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April 18, 2014 | NPR · The agreement calls on all parties to refrain from violence, requires that illegally-armed groups disarm and that control of government buildings be returned to Ukrainian authorities.
 
April 18, 2014 | NPR · President Obama said enrollment under the Affordable Care Act reached 8 million after the deadline was extended by 2 weeks. The figure represents a turnaround from the disastrous debut of the website.
 
April 18, 2014 | NPR · Morning Edition spent a lot of time recently reporting from the U.S.-Mexico border. President Obama has deported 2 million people from the U.S. But many say that number is misleading.
 

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April 19, 2014 | NPR · In the Ukrainian city of Donetsk, the opposing camps seem increasingly entrenched, despite a diplomatic effort to ease tensions. Pro-Russian forces refuse to leave occupied buildings and public squares in the east. It's an uneasy Easter weekend and neither side is willing to budge.
 
April 19, 2014 | NPR · Russia is in the middle of a planned upgrade and expansion of its military forces, but global affairs professor Mark Galeotti tells NPR's Arun Rath that Russia's military has its limits.
 
April 19, 2014 | NPR · The numbers from India's election are staggering: 814 million potential voters, nine stages of voting over six weeks. They are the biggest in the world. Correspondent Julie McCarthy talks with NPR's Arun Rath about the candidates vying for power.
 

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April 19, 2014 | NPR · The search continues for hundreds of people, mostly students, who were on board a South Korean ferry when it sank this week. Correspondent Anthony Kuhn shares the latest with NPR's Wade Goodwyn.
 

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April 13, 2014 | NPR · As the anniversary of last year's marathon bombing approaches, NPR's Rachel Martin speaks with correspondent Carrie Johnson about the investigation and legal wrangling yet to come.
 

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Intelligence service

Oct 16, 2013 — In 1953, President Dwight Eisenhower appointed John Foster Dulles as secretary of state, and Allen Dulles as director of the CIA. In his new book, The Brothers, journalist Stephen Kinzer says the Dulles' actions "helped set off some of the world's most profound long-term crises."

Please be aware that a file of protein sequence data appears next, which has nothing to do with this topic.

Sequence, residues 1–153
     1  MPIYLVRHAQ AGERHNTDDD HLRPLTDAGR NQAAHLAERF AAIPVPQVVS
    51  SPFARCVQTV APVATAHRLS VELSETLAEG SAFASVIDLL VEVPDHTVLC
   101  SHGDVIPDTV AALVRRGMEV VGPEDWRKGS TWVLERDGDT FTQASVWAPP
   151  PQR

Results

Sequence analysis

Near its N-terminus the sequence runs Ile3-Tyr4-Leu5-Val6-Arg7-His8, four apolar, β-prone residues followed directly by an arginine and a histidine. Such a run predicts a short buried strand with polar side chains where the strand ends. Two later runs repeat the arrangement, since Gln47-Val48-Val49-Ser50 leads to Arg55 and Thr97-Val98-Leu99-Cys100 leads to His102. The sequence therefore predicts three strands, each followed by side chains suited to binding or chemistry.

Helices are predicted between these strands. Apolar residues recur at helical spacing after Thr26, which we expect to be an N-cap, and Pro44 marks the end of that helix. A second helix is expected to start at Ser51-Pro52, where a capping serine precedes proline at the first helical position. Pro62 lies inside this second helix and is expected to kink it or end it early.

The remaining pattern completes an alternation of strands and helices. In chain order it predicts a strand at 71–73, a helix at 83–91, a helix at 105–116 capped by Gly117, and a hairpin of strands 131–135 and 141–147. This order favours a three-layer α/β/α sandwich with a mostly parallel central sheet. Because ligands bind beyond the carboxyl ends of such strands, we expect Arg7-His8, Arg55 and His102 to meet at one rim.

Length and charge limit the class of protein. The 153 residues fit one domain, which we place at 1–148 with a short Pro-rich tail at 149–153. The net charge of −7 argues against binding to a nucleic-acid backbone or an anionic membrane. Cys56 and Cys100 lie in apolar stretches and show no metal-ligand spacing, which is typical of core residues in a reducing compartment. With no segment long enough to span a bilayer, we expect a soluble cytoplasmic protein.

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Oct 2, 2013 — Tom Clancy built his fascination with military hardware and history into a best-selling career writing thrillers — beginning in 1984 with The Hunt for Red October. His books were turned into Hollywood blockbusters and popular video games. NPR's Lynn Neary has a remembrance of Clancy, who died this week at 66.
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Sep 29, 2013 — Sharing power in the Eisenhower administration, John Foster Dulles and Allen Dulles were the forefathers of using covert operations to upset foreign governments. Journalist Stephen Kinzer, who wrote a book on the siblings, says Americans are still paying the price for them.
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Jun 19, 2013 — Shane Harris, an author and journalist who covers intelligence, surveillance and cybersecurity for a number of publications, says that the revelations about the NSA from Edward Snowden are nothing new, and that such programs have a significant recent history in the United States.
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Jan 15, 2013 — MI6 may be the world's most legendary secret service, but fiction and film can't uncover its actual history. For that, you need BBC security correspondent Gordon Corera and his new book, The Art of Betrayal: The Secret History of MI6.
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May 25, 2012 — Something about Robert Cormier's I Am the Cheese, made author Ben Marcus worry. It was the first time he had encountered an unreliable narrator — and he found it disconcerting. Do you have a favorite narrator who doesn't quite tell the truth? Tell us who in the comments.
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May 24, 2012 — In The Art of Intelligence, a CIA spy recounts the weeks after the Sept. 11 attacks.
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Apr 27, 2012 — What if Darth Vader was controlling not just the Death Star, but also the Yankees? Commentator Hart Seely thinks he, like Luke's father, can influence plays on the field from afar. How do you affect your team from your couch? Tell us your secret baseball-watching rituals in the comments.
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Jan 20, 2012Tinker, Tailor, Soldier, Spy — the masterfully told Cold War-era spy thriller — sits at No. 5.
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Jan 11, 2012 — In Intel Wars, historian Matthew Aid details how bureaucratic policies and a glut of raw data have weakened the intelligence community in its war against would-be terrorists.
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